Multiple times throughout each year, stars glide across the sky leaving trails of dust and light behind them, amazing people everywhere. These are typically known as meteor showers. The Leonids (Nov. 16-17) and the Geminids (Dec. 13-14) are the next two showers to light up the sky in 2020.
Instructor of engineering and physics Will Waldron, who teaches the Astronomy class at Harding, explained what meteor showers are and how they are possible.
“Meteor showers come from when the Earth passes through some kind of dust cloud,” Waldron said. “Now, generally those dust clouds are created from comets. So as a comet starts spewing off the ice from the radiation of the sun, it’s also going to leave behind dust and small rocks from the comet itself … if Earth is to pass through that … that dust and those small rocks are going to superheat just based on the speed … It’s essentially those rocks and dust just having a magnificent death as they collide with our atmosphere.”
Waldron said the Leonids shower in particular is unique because the comet it comes from has a 33-year orbit around the sun. He said if that orbit is fairly fresh and has left a new cloud of dust and debris for Earth to pass through, it can actually create what is known as a meteor storm.
“Every 33 years [or] so it goes from having on the order of 10 meteors per hour to 1,000 or 10,000 meteors per hour,” Waldron said. “There’s actually written history of one that happened in the 1800s where there were hundreds of thousands of meteors per hour and it actually looked like the entire sky was lighting up and … such people as Abraham Lincoln and Harriet Tubman, significant people in history, actually documented [this].”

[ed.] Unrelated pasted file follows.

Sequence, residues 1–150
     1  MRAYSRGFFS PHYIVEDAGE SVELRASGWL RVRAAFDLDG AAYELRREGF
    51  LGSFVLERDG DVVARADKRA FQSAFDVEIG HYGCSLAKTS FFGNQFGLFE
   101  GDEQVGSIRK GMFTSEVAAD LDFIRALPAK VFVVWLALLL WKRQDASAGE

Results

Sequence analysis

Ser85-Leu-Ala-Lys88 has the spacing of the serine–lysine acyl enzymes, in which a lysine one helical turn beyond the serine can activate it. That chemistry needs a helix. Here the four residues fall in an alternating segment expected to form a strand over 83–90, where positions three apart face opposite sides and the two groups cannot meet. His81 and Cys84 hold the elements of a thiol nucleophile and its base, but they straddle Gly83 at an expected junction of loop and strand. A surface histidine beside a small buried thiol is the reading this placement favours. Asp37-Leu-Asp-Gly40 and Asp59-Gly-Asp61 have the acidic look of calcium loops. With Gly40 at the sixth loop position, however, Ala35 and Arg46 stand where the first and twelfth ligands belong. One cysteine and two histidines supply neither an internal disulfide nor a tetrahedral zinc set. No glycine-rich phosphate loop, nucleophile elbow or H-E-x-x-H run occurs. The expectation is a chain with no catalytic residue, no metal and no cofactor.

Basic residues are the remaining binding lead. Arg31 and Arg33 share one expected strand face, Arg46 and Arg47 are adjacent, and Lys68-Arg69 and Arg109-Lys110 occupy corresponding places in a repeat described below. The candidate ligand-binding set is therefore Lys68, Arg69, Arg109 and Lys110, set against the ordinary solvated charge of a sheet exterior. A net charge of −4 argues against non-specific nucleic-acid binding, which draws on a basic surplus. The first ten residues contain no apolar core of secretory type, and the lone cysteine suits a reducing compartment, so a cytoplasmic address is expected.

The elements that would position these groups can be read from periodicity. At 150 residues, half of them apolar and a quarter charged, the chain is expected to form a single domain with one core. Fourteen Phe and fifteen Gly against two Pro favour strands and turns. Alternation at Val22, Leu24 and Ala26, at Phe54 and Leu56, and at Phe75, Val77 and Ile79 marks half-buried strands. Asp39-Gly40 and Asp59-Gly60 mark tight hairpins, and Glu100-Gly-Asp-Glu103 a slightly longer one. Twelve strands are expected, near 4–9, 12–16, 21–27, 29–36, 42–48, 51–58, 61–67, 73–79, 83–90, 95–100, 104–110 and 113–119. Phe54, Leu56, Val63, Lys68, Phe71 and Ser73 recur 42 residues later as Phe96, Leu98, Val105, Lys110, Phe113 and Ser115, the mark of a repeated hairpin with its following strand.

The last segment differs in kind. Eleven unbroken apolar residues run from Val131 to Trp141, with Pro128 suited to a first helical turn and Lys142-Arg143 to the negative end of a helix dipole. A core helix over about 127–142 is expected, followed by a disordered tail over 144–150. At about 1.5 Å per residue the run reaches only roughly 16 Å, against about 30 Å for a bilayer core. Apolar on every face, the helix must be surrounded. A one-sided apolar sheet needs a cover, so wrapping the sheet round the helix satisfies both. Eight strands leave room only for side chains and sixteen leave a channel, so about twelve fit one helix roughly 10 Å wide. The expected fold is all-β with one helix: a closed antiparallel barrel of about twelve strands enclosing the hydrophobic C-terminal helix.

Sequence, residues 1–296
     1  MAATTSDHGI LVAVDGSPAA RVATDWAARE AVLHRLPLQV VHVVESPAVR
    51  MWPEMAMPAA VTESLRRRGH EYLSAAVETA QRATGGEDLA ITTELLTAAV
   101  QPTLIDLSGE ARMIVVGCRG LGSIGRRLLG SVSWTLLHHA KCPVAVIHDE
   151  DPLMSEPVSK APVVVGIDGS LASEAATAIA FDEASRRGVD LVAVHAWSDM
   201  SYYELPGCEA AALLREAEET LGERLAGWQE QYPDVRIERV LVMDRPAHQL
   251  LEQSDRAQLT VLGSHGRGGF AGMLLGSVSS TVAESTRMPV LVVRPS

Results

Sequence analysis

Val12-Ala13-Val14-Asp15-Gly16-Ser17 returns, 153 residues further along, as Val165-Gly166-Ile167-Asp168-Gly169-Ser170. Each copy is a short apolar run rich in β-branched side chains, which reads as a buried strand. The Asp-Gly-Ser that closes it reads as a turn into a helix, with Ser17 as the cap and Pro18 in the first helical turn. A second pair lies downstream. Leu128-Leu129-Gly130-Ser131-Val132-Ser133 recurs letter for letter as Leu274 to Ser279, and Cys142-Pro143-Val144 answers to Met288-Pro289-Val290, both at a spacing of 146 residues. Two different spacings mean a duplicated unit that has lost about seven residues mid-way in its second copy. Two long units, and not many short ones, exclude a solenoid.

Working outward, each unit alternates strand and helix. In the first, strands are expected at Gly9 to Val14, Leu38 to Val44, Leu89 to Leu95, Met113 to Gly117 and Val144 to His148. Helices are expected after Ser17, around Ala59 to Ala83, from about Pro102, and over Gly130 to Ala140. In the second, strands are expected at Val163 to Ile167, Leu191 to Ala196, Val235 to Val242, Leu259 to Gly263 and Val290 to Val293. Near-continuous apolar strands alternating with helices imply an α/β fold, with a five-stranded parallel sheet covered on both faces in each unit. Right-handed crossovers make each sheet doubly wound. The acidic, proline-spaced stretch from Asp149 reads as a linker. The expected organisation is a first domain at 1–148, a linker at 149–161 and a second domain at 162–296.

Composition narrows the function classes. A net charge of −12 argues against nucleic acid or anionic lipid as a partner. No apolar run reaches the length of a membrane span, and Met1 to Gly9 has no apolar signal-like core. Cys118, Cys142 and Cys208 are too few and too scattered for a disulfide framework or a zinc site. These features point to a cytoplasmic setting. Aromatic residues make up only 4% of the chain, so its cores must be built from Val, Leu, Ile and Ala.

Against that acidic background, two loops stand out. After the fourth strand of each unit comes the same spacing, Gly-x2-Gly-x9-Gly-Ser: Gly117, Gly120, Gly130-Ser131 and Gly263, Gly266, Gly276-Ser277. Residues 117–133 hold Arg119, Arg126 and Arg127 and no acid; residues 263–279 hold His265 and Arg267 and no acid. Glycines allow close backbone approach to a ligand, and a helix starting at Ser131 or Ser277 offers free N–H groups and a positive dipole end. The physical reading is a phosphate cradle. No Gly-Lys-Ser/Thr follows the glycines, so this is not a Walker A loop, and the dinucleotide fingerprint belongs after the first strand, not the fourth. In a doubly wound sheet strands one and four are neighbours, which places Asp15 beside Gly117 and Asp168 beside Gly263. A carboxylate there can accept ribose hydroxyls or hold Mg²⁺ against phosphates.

Waldron said to prepare for these upcoming meteor showers people should make sure to find a safe place with little to no light pollution, dress warm, bring a blanket to lie down on and point your feet towards the radiant of the meteor shower. Waldron said that the Leonids will not peak until right before sunrise, but the Geminids rise at sundown and will not set until the sun rises. He said this means people will have almost all night to view this particular shower that can produce up to 120 meteors per hour.
Junior Kathryn Ashburn said her dad typically tracks meteor showers and they would go watch them together before she came to Harding. Now, she said she still watches them whenever she knows one is happening.
“It’s a time to leave the lights in the city and [for] people to go to, most of the time, the middle of nowhere, either really late or really early in the morning … going out of your way to see God’s creation, which I don’t think a lot of people do very often,” Ashburn said.
Sophomore Katie Branson said that things such as meteor showers grow her faith
“As I learn more and more about the intricateness of our universe, I’m reminded to never put God in a box,” Branson said. “It can be easy sometimes to slip into a habit of underestimating God, but a God that can create stars and galaxies can surely do anything we could ever imagine.”
Waldron brought up a quote from poet Ralph Waldo Emerson that questions how people would react if stars only appeared once every thousand years and how our appreciation for it would grow:
“If the stars should appear one night in a thousand years, how would men believe and adore; and preserve for many generations the remembrance of the city of God which had been shown! But every night come out these envoys of beauty, and light the universe with their admonishing smile.” – Ralph Waldo Emerson.